Greek tourism industry strives to heal pandemic wounds

Greece is currently the biggest selling destination for global travel group Thomas Cook after the company’s restart a few weeks ago as an online-only business, Chief Executive Officer (CEO) Alan French has told the Greek national news agency AMNA recently.

Regarding Thomas Cook’s relaunch after last year’s bankruptcy, French noted that the company is now free from the financial burdens of the past and is operating under a very different business structure.

“We are also backed by the Fosun Tourism Group, one of China’s largest and best-resourced companies, which has over 100 billion U.S. dollars in assets and which already owns a range of other very successful European travel brands, including Club Med,” he said.

The Fosun Tourism Group acquired the Thomas Cook brand and its online assets in November 2019, AMNA noted.

French’s remarks came as Greece’s local tourism industry is striving to heal the wounds from the COVID-19 pandemic.

“Greek tourism crumbled,” said an article published by the Greek daily Ta Nea (The News) on Tuesday, citing the results of a survey conducted for the Hellenic Chamber of Hotels.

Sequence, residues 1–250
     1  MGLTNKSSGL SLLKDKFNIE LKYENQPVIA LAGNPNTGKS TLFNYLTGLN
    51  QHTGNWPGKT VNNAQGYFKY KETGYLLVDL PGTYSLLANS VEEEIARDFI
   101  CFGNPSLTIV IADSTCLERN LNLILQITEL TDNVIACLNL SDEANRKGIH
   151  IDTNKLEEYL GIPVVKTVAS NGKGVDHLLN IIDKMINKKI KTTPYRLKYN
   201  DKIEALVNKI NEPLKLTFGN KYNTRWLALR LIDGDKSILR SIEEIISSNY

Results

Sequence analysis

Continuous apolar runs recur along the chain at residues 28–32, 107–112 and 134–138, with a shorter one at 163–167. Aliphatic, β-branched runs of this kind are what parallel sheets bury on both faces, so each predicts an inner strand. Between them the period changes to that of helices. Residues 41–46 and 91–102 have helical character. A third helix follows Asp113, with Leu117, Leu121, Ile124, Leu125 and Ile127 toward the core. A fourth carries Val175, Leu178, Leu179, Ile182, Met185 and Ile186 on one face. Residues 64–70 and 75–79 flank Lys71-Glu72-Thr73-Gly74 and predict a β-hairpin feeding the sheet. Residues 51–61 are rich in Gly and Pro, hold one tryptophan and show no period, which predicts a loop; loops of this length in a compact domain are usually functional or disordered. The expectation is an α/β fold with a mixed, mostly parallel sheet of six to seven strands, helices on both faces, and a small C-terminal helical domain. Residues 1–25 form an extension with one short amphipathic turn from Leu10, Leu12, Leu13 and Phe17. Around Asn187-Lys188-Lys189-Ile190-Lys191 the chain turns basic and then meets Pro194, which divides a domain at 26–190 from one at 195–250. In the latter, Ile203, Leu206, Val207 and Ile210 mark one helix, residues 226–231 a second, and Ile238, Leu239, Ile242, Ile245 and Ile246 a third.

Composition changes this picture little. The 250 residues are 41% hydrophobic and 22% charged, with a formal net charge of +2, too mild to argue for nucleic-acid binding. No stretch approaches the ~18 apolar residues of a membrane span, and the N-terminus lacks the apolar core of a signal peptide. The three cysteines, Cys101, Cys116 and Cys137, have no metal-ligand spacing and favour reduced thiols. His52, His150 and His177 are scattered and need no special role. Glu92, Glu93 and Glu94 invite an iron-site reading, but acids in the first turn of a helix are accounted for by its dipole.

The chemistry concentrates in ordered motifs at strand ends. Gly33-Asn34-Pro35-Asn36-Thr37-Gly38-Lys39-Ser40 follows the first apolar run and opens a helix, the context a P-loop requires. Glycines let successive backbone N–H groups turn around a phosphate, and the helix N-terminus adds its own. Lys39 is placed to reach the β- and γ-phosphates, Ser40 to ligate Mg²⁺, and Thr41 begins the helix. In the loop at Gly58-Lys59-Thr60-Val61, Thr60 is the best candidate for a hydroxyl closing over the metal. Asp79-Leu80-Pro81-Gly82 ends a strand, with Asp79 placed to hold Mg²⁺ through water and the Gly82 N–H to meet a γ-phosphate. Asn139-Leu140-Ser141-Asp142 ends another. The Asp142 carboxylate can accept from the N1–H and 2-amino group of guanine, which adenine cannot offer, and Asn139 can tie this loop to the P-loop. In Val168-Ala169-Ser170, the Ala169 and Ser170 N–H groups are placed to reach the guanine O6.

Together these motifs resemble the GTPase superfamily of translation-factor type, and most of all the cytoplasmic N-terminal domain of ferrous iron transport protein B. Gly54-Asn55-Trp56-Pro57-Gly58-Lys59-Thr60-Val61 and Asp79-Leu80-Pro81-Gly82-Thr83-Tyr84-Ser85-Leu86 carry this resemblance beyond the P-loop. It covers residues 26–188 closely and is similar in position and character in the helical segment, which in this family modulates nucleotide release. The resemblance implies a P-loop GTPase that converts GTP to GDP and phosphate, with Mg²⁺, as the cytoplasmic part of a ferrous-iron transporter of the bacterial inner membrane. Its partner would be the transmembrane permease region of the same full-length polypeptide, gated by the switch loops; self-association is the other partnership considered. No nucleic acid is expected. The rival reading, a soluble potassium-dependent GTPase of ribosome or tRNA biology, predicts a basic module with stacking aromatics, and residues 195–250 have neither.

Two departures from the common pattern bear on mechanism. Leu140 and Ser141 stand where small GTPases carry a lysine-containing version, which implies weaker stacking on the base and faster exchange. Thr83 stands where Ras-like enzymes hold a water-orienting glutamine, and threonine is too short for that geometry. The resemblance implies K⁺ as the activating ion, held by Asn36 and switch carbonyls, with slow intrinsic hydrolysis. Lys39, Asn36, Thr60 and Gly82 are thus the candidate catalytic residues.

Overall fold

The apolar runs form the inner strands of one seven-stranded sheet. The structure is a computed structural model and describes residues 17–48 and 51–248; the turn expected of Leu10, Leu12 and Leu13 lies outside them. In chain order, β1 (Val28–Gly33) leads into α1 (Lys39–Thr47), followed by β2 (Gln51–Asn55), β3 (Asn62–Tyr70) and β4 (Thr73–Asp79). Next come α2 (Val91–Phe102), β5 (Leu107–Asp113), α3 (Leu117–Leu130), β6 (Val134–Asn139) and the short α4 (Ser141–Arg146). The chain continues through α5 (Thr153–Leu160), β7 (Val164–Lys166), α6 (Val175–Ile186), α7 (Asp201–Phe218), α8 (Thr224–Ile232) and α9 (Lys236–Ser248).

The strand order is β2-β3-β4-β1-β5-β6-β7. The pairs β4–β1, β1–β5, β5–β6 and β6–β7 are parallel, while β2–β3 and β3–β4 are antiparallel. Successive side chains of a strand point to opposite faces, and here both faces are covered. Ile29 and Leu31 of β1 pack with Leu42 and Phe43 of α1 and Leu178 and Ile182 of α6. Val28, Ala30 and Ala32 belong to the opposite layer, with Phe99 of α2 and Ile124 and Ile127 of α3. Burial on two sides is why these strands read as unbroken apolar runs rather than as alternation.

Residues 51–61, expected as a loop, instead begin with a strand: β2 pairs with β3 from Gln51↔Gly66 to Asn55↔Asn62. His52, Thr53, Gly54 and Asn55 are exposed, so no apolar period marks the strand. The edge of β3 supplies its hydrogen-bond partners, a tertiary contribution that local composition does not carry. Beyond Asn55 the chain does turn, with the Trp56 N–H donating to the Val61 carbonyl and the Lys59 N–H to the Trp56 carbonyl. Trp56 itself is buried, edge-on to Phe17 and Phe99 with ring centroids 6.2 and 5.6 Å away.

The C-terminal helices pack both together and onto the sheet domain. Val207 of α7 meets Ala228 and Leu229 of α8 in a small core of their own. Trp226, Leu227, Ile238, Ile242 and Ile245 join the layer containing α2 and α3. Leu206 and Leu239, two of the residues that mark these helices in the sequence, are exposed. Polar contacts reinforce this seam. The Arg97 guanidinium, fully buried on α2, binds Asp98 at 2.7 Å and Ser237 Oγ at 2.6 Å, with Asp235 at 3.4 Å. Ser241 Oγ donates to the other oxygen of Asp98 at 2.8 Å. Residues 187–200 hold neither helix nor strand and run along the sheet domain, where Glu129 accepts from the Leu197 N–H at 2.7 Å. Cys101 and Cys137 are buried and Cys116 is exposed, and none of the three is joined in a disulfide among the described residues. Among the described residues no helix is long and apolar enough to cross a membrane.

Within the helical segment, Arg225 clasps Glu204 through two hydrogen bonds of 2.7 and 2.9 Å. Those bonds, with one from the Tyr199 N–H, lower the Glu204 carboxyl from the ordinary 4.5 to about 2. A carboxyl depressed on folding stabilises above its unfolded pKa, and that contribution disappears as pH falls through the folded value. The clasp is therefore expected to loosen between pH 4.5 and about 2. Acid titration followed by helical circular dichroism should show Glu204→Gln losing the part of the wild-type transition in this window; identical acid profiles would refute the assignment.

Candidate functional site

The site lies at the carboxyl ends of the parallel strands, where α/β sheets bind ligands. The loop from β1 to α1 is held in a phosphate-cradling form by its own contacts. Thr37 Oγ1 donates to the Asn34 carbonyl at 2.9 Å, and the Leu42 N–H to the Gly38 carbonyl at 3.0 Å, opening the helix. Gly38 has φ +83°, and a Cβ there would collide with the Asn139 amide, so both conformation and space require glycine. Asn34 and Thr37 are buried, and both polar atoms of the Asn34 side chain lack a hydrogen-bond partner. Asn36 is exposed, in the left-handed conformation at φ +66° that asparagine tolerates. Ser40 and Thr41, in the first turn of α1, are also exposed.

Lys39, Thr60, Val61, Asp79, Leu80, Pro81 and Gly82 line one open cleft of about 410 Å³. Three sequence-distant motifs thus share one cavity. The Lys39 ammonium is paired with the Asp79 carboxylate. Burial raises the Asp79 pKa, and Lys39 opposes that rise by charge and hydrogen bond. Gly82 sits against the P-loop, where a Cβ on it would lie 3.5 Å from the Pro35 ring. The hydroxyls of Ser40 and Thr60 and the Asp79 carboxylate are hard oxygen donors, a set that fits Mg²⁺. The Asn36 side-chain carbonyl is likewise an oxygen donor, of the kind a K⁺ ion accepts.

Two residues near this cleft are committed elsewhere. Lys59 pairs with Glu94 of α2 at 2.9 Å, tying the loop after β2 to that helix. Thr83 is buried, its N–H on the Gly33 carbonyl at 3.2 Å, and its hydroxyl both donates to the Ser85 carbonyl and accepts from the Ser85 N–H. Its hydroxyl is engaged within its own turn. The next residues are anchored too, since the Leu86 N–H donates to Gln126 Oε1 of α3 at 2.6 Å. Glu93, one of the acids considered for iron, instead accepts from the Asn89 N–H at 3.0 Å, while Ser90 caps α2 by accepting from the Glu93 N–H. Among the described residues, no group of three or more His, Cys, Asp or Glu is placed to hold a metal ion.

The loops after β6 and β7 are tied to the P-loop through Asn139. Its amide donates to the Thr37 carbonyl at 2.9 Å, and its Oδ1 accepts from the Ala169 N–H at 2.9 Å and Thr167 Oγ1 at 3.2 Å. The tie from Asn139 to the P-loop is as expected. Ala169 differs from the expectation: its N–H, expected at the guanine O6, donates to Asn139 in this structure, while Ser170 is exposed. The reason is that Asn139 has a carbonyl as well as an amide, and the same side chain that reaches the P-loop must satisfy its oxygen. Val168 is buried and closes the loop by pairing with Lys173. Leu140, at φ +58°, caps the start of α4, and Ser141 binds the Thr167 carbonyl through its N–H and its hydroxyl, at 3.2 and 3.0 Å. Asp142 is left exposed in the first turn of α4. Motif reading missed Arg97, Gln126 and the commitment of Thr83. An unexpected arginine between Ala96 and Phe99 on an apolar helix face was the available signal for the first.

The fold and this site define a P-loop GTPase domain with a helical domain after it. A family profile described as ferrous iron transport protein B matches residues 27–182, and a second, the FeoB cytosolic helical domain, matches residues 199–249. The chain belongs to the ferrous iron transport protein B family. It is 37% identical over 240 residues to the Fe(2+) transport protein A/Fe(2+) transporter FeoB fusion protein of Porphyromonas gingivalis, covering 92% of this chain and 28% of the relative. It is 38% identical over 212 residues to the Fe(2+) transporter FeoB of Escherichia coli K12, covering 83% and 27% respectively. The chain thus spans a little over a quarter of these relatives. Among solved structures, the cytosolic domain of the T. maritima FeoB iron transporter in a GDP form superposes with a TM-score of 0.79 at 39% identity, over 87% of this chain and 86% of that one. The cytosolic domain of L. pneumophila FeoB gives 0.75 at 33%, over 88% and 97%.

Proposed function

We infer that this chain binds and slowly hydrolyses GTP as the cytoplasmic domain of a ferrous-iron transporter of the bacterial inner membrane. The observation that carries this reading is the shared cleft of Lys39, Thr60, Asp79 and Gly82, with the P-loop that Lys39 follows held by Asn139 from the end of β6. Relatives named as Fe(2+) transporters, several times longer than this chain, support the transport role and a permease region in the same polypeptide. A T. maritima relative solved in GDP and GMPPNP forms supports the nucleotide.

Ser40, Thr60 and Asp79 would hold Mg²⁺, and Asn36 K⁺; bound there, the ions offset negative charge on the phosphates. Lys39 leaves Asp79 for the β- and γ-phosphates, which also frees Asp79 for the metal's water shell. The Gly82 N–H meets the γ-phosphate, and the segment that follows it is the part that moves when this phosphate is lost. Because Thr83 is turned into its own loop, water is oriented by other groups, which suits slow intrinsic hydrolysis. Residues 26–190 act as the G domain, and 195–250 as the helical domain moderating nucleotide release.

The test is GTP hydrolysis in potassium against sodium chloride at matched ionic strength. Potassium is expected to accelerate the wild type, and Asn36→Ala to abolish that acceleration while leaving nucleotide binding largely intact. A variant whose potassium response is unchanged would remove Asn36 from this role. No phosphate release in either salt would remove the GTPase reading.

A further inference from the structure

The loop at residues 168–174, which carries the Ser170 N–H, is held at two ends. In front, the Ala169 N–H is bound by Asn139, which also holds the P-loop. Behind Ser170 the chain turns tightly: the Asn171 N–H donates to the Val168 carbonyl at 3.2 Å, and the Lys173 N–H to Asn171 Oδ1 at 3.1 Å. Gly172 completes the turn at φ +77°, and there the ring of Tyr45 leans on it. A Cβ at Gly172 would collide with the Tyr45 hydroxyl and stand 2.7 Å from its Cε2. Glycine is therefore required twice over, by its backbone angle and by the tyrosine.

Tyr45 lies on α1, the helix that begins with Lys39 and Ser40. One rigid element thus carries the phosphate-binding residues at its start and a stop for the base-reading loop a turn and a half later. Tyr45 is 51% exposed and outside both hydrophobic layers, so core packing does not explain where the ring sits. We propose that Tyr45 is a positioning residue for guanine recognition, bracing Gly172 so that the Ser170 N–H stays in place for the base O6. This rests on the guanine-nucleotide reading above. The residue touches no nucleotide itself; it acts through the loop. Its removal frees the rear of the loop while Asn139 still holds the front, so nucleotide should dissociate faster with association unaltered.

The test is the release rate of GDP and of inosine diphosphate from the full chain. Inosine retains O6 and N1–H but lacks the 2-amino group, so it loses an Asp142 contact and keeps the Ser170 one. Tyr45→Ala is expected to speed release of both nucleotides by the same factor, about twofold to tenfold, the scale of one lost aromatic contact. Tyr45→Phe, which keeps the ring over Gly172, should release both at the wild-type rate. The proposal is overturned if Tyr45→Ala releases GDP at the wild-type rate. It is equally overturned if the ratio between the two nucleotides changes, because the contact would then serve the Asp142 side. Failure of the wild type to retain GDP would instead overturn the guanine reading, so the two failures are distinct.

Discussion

Only six out of 10 hotels in Greece opened this year after the spring lockdown and the average occupancy rate in July, August and September stood at 23.1 percent.

Despite the coronavirus gloom, the chamber’s President, Alexandros Vassilikos, said he was confident that recovery will begin next year.

“Greece is a fantastic country offering a wide range of holidays to suit all travelers throughout the year, so we expect its popularity to continue,” he told AMNA in an interview on Monday.

“Despite the challenges of the pandemic, we know that there is still strong consumer demand to go on holiday,” he explained.

Addressing a recent forum in Athens, Yiannis Retsos, president of the Greek Tourism Confederation (SETE), was also confident that the Greek tourism industry will bounce back starting from 2021.

The SETE estimates in a recent report that tourism revenues will reach only three billion euros (3.53 billion U.S. dollars) this year compared to 23.4 billion euros generated last year.

Tourism accounts directly and indirectly for about 30 percent of Greece’s gross domestic product (GDP), the SETE said.

Last year, Greece welcomed about 33 million tourists, according to the Central Bank of Greece. This year, in the period between January and August, there was an estimated 80 percent year-on-year decline in tourist arrivals, the central bank said. (1 euro = 1.17 U.S. dollars)